So what happened? Well, for a start mobile phones and software as a service happened. According to market intelligence company App Annie, global mobile applications will be worth US$6.3 trillion by 2021 (that’s five times the mobile revenue in 2016). The overall SaaS market is also on track to hit $164 billion by 2022. The explosion of these two fields forced enterprise companies to change the way they developed software. It was no longer feasible to spend 24 months developing an app, only to ship it, forget about it, and wait for the money to come rolling in.

To stay competitive software developers had to move new, high-quality products to market quickly, and then relentlessly test, iterate, automate, and continuously improve them over time. It’s the rise of ‘continuous everything’, where software is never really ‘finished’ or ‘boxed’ (like my still shiny copy of Doom II), and market share goes to the company that creates the fastest, smoothest, most value-driven user experience. The one that gets their nose in front (just as Spotify did to iTunes) and keeps it there.

So, where does innovation come in? DevOps and innovation culture go hand-in-collaborative-hand, because each one is process-driven. Both of them are focussed less on the How and more on the Who. The ‘How’ is regarded as almost a symptom of good internal processes – get the people, the teams and the workflow right and innovation will almost take care of itself.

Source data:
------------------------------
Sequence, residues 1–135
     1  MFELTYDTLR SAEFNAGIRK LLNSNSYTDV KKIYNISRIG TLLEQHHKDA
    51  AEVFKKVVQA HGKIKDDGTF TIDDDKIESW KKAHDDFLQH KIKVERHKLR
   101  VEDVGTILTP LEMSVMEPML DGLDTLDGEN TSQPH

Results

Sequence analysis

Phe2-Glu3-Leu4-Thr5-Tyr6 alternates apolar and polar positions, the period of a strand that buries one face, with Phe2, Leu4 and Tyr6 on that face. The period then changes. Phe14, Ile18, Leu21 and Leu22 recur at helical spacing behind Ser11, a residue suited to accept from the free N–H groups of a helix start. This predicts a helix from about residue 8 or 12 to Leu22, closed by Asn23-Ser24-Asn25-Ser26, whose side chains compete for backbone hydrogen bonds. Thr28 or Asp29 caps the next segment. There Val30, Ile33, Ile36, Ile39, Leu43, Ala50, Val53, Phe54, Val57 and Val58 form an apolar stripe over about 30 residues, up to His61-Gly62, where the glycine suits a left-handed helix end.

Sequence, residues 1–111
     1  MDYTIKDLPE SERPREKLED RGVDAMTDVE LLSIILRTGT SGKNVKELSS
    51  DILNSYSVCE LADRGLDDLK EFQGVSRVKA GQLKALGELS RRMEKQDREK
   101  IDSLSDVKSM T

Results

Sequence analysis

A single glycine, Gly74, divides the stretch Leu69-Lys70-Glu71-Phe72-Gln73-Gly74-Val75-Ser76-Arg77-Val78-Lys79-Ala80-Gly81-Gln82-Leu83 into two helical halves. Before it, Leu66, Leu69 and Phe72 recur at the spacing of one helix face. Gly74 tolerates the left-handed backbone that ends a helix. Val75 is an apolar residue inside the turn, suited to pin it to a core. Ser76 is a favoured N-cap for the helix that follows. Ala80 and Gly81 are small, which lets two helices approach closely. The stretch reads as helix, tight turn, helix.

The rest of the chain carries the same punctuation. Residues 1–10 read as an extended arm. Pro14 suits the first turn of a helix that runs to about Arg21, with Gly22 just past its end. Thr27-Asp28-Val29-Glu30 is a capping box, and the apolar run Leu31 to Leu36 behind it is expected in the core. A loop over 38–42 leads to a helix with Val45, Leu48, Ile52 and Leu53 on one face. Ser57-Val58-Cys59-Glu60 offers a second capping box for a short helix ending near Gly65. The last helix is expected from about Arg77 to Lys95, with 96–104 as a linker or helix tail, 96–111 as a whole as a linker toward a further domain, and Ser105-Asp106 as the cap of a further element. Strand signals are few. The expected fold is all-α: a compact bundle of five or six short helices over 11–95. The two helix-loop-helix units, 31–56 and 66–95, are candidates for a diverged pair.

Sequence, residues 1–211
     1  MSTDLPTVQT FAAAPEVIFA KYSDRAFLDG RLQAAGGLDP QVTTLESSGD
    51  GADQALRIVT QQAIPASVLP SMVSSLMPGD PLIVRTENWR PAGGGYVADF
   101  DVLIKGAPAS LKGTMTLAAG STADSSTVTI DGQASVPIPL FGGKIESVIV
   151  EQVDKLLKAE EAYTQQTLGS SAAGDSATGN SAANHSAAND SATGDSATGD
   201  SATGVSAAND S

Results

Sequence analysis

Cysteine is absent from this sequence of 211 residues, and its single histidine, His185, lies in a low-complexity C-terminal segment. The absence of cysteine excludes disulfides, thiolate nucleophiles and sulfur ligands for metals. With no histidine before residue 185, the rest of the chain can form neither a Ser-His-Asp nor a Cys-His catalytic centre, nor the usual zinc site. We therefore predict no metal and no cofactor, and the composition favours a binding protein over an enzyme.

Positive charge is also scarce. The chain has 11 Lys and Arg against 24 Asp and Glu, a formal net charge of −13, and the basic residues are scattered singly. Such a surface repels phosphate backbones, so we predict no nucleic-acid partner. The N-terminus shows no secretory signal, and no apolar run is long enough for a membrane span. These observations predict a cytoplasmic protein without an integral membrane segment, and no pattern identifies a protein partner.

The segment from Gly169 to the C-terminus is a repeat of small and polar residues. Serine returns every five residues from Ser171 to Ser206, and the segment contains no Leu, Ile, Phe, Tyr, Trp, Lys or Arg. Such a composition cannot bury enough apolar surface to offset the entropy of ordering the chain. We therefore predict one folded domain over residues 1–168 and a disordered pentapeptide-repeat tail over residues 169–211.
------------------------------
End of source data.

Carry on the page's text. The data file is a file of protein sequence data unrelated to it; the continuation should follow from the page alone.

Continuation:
Companies like Amazon are really leading this charge, embracing innovation as a core business principle, if not an actual KPI. And not just in an annual hack-a-thon either, but every single day and with every single employee (the company’s internal innovation secrets are already common knowledge). This culture has become remarkably contagious. Go to any software conference and you’ll hear the word ‘innovative’ almost as often as you hear the word ‘DevOps’. More and more companies are starting to see innovation, not as some lofty marketing spiel or vague IT metric, but as everyone’s responsibility. Atlassian (which became a $50 billion company last year) calls this the “defining feature of innovation culture”.

If there are two universal truths in the world of software development, it’s rapid change and high expectations. Change which is only growing faster, and expectations which only move in one direction. Is DevOps the best tool to meet those expectations? Well, it’s one hell of a foundation; already leading to an explosion of new models like ‘DevSecOps’ (embedding security practices into DevOps), and ‘NoOps’ (who needs operations teams anyways – lets automate the lot!) and who knows what’s next.

As long as companies, but more importantly their leaders are willing to adapt, foster, and importantly keep up with this growing innovation culture we are up for a very, very exciting chapter ahead.

Will Calvert is director technology and enablement at RMIT Online

Copyright © 2020 IDG Communications, Inc.